The character becomes more and more of a blank canvas as the book goes on, a development underlined by the fact that he is constantly being mistaken for someone else, or spotting an acquaintance and not being sure exactly who it is. The men melt into a homogenous blur of Brooks Brothers suits, Valentino ties, slicked-back hair and nonprescription glasses; the women into an interchangeable mass of blonde hair, big tits, whiny voices and Carolina Herrera silk blouses.

In the end it doesn't seem that Bateman is actually a character as much as an amalgam of these people: As the narrative becomes ever more surreal and descends into madness towards the book's conclusion, the latter theory begins to seem more and more likely. Bateman's supposed victims seem to reappear; he is involved in an impossibly lengthy police shoot-out which yields no retribution; he begins to step outside himself, narrating from a third-person perspective.

The only incident in which he is identified as a killer by someone else appears, at second glance, to be a straightforward robbery. At the very end of the story, the reader is left to make up their own mind about the truth of events, making this a classic example of the unreliable narrator genre I really should create an unreliable-narrators shelf here, I love them so much. This book is, as its reputation suggests, a harrowing read at times, but it's also truly hilarious in parts - the endless repetition, the lengthy passages solemnly appraising the back catalogues of dreadful 80s bands, the meticulous descriptions of ludicrous meals and label-laden outfits.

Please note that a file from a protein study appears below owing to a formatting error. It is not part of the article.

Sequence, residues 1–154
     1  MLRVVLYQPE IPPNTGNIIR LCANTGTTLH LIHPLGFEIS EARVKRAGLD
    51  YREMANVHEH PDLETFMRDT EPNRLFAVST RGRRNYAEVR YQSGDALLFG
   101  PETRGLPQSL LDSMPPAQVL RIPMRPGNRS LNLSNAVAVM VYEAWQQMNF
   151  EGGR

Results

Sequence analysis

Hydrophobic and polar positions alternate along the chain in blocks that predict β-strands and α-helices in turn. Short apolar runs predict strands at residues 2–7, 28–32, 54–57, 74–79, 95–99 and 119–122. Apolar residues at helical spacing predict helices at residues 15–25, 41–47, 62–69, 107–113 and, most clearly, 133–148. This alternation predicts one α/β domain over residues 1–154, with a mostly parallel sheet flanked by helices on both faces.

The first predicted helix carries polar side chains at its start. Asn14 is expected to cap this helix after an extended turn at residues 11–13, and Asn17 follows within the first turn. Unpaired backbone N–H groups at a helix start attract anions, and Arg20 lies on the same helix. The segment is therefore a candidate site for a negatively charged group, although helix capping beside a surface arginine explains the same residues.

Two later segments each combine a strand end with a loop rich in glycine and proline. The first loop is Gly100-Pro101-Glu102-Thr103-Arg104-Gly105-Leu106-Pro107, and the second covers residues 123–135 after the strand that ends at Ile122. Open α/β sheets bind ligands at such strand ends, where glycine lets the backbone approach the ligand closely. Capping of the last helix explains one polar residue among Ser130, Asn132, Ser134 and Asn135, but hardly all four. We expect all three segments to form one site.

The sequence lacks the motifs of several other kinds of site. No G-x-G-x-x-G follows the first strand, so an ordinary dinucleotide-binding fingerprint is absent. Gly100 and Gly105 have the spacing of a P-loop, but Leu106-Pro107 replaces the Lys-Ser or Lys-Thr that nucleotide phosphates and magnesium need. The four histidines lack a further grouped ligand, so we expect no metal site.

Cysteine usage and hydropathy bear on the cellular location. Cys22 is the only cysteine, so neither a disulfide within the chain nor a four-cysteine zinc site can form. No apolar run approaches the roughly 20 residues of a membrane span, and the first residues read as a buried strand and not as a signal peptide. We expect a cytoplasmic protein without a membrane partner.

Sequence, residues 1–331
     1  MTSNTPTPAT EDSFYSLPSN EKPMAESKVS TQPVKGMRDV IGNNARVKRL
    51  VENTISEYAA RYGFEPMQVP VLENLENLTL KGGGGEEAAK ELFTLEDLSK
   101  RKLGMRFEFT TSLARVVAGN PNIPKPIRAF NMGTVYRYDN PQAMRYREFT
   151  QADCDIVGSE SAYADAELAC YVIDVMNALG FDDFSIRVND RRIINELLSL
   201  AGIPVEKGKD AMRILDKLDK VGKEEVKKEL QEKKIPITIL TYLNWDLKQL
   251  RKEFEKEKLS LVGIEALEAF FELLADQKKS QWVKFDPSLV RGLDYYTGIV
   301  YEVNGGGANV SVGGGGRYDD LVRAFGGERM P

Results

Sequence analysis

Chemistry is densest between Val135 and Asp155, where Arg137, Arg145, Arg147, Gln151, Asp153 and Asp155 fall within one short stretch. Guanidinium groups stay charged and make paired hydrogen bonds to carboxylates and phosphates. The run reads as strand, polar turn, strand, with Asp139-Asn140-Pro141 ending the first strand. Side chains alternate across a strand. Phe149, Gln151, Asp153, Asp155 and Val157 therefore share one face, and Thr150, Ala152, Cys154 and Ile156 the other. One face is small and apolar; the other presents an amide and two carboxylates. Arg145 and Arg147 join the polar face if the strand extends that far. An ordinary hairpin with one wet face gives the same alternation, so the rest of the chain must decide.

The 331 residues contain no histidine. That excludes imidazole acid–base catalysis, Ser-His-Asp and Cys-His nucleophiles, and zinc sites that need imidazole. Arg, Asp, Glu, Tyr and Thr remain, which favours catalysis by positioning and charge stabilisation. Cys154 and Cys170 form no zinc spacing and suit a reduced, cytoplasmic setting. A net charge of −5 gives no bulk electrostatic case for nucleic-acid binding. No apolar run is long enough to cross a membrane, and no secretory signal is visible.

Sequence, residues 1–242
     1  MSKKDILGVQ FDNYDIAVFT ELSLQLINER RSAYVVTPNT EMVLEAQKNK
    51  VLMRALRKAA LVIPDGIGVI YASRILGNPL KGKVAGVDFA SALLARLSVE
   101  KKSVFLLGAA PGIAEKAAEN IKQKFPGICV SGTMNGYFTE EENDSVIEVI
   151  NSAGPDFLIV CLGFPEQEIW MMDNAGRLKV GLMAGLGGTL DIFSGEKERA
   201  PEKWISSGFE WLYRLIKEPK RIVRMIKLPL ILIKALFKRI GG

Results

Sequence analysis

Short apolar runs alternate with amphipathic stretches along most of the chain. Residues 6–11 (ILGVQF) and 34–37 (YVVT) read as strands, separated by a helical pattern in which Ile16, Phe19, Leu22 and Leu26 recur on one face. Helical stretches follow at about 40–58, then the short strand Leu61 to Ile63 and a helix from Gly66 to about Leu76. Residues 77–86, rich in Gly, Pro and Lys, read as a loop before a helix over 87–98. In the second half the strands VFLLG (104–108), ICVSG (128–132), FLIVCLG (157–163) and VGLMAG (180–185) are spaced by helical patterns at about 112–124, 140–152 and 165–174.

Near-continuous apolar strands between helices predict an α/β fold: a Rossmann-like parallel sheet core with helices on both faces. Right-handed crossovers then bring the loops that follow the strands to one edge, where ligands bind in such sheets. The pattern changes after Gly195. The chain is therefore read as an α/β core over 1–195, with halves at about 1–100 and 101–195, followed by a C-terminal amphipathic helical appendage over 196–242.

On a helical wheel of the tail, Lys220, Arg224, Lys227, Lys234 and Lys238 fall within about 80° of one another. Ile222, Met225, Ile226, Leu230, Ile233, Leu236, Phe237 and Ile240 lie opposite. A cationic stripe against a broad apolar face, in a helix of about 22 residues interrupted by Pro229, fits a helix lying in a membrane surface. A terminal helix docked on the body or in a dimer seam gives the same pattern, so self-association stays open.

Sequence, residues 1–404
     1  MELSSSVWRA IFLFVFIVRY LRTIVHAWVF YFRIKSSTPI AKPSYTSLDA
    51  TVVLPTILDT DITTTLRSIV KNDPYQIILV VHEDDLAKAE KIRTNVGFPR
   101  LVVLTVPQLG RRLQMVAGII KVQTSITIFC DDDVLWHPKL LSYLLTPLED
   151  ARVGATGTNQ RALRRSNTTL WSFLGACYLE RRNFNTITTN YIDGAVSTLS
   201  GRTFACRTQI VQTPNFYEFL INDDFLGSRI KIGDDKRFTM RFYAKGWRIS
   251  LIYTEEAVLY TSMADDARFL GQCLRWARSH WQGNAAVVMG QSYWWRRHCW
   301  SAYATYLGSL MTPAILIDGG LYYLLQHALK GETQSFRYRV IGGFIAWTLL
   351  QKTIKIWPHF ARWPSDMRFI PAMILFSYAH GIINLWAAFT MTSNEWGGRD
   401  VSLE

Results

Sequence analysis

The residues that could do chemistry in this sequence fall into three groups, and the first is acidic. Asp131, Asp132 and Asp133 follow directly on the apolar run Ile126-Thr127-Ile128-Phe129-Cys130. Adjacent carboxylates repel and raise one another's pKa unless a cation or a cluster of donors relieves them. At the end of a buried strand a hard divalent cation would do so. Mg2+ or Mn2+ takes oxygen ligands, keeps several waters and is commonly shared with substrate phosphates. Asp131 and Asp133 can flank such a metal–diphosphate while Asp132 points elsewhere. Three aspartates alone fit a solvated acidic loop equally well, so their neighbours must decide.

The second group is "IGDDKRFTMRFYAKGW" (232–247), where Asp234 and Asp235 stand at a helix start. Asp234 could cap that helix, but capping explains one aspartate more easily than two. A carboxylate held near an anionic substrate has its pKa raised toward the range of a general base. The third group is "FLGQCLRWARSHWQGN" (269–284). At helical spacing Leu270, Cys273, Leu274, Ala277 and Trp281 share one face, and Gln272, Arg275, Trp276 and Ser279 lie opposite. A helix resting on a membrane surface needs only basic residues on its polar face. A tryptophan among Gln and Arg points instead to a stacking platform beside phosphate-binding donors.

I loathe gratuitous violence and 'torture porn' films but while the violent scenes in this book are arguably unnecessary in their detail, they are contained within the context of a viciously intelligent satire. I wavered between admiration, amusement and repulsion throughout many of the earlier chapters, but I really loved the ending; the build-up and the subtle changes and the conclusion itself, all so brilliantly done.

Altogether I thought this was an absolutely fantastic, if not always 'enjoyable', book and I don't feel bad about saying so. View all 9 comments. Y por eso mismo American Psycho no es una obra maestra. No ahonda en lo esencial de la existencia humana; ignora lo que nos hace, a pesar de todo, personas.